Q. What do bulletproof vests, fire escapes and windshield wipers have in common?
A. All were invented by, or refined by, women.
Credit for the first commercially available bulletproof vest goes to a man, but it was a woman who invented Kevlar, the material used in most modern bulletproof vests.
Stephanie Kwolek, working at DuPont, created the first of a family of synthetic fibers of exceptional strength and stiffness, including Kevlar.
Kwolek graduated from the women’s college of Carnegie-Mellon University and applied for a position as a chemist with the DuPont Company in 1946. She worked on several projects, including a search for new polymers as well as a new condensation process that takes place at lower temperatures. In 1965, she was asked to scout for the next generation of high-performance fibers and invented Kevlar.
Kwolek has received many awards for her invention, including induction into the National Inventors Hall of Fame in 1994 as only the fourth woman member of 113. In 1996 she received the National Medal of Technology, and in 1997 the Perkin Medal, presented by the American Section of the Society of Chemical Industry—both honors rarely awarded to women.
Supposedly, the first fire escape was patented in 1766. That system was rudimentary and involved a pulley attached to a wicker basket. In 1887, an American inventor named Anna Connelly registered a patent for the exterior steel staircase that would serve as the prototype for the modern metal fire escape. Connelly’s invention introduced a cost-effective way to add safety to both existing buildings and new construction in the 1900s. It became mandatory under the building codes that cities began to adopt at the turn of the century.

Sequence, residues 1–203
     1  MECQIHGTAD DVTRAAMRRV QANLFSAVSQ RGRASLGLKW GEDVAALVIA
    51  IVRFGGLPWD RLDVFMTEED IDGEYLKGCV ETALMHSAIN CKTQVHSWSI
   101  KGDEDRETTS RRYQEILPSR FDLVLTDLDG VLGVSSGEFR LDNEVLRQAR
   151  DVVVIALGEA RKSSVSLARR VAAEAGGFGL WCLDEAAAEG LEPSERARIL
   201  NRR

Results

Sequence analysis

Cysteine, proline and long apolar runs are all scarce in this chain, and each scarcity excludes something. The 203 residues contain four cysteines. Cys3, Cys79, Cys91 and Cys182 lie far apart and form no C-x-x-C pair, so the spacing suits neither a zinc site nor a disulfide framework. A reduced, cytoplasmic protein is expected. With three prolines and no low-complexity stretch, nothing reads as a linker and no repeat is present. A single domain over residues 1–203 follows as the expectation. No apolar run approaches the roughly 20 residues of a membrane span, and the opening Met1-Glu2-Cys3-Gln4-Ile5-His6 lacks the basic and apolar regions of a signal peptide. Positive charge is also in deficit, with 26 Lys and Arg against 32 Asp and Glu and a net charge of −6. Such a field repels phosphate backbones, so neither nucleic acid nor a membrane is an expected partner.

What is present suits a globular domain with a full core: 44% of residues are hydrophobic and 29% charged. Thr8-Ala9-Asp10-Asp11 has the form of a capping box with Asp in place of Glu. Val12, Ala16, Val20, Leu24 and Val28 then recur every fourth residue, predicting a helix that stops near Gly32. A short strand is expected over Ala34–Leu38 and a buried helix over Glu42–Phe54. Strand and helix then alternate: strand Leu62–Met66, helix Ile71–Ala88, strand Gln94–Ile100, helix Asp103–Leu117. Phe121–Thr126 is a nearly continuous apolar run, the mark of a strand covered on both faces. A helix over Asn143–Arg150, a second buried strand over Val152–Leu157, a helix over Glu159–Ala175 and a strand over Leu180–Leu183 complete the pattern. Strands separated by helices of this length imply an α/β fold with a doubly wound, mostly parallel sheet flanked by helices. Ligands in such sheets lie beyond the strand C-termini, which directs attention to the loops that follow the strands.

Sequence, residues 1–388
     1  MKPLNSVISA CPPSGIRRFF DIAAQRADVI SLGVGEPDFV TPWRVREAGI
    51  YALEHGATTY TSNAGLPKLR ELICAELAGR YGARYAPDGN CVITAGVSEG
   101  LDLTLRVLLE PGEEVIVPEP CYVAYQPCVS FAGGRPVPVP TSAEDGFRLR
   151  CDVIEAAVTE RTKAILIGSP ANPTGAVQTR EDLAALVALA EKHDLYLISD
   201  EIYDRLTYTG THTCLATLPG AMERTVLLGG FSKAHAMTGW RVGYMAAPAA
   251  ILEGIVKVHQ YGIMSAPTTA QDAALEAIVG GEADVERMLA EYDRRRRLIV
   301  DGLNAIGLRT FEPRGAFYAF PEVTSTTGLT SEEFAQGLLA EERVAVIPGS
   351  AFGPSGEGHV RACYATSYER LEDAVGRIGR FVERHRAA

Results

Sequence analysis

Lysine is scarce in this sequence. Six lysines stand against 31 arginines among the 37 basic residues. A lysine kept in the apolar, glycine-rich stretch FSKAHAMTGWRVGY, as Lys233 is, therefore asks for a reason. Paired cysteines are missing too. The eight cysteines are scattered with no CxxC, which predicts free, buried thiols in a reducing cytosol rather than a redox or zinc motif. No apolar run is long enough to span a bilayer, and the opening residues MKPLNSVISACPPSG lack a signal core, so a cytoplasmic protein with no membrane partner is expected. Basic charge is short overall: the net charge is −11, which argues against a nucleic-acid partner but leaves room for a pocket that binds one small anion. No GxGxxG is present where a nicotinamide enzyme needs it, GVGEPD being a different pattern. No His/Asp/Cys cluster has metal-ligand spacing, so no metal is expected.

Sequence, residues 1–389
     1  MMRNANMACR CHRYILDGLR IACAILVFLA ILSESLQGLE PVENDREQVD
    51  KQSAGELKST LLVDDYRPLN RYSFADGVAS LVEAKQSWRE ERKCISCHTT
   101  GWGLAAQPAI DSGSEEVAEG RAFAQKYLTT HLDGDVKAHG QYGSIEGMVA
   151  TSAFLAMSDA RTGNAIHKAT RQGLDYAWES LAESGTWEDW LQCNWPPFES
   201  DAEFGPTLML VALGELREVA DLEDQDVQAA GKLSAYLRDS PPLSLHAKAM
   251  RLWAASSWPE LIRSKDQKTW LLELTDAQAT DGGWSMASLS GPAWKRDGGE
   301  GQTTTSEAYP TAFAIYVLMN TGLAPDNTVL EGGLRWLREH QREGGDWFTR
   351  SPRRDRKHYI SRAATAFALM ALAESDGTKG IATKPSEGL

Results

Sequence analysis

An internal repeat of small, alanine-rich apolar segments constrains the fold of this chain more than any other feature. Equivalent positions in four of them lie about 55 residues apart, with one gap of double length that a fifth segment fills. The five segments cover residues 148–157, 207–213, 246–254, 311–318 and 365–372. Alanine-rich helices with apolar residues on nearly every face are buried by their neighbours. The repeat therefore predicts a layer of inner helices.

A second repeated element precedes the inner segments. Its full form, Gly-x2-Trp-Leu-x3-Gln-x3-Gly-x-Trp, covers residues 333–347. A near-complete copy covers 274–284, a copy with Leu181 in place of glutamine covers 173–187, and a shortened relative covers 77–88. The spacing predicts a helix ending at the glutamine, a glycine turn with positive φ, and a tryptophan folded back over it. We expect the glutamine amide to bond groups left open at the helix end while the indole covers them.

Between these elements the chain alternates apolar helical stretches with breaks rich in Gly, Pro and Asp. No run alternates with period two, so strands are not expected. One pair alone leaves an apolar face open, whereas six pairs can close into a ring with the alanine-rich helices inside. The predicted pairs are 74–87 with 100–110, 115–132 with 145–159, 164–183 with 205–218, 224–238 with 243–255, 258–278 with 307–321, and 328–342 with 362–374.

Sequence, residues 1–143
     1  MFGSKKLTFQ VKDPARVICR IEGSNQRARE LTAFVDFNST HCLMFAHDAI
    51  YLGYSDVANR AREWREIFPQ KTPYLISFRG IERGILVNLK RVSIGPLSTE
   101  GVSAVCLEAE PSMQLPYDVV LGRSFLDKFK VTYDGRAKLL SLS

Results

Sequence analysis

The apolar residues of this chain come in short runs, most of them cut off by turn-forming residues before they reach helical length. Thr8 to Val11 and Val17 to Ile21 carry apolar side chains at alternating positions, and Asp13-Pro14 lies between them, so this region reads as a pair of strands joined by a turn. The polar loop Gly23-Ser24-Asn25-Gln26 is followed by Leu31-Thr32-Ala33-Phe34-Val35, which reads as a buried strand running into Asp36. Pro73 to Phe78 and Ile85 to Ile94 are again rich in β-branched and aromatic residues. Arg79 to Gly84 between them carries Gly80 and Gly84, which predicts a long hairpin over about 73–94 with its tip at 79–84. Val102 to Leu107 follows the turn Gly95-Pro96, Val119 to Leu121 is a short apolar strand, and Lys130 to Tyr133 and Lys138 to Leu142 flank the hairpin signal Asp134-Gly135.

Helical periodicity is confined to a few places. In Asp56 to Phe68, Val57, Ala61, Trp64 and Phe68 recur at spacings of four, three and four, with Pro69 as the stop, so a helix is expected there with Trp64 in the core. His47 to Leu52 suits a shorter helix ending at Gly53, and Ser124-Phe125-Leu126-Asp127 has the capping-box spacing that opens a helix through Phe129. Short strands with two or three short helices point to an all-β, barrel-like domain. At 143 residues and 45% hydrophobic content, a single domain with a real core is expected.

In 1902, on a New York City streetcar on a snowy day, Mary Anderson watched the driver struggle to see through the front window and wondered why no one had ever done something to improve visibility in inclement weather. Upon being told it had been tried and couldn’t be done, Anderson began drawing diagrams for what would later become windshield wipers.
Her windshield wipers were made of wood and rubber and were removable so that the streetcar appearance would not be compromised in good weather. She added a counterweight to maintain an even pressure on the windshield, and effectively wipe off snow and rain. She was awarded a patent in 1903 for a “window-cleaning device,” or windshield wipers.
On her patent application, she stated, “My invention relates to an improvement in window-cleaning devices in which a radially-swinging arm is actuated by a handle from inside of a car-vestibule.”
As soon as Anderson’s windshield wipers were patented, she wrote to a large company in Canada offering them the rights. The company was not interested, stating that her invention had little, if any, commercial value and would not sell. Anderson’s patent was put away and eventually expired. Although Anderson never profited from her invention, it was re-examined soon after, and by 1913 mechanical windshield wipers were standard on domestic cars, including the Ford Model T.
In 1917, windshield wipers evolved when the “Electric Storm Windshield Cleaner,” was patented by Charlotte Bridgewood – another woman.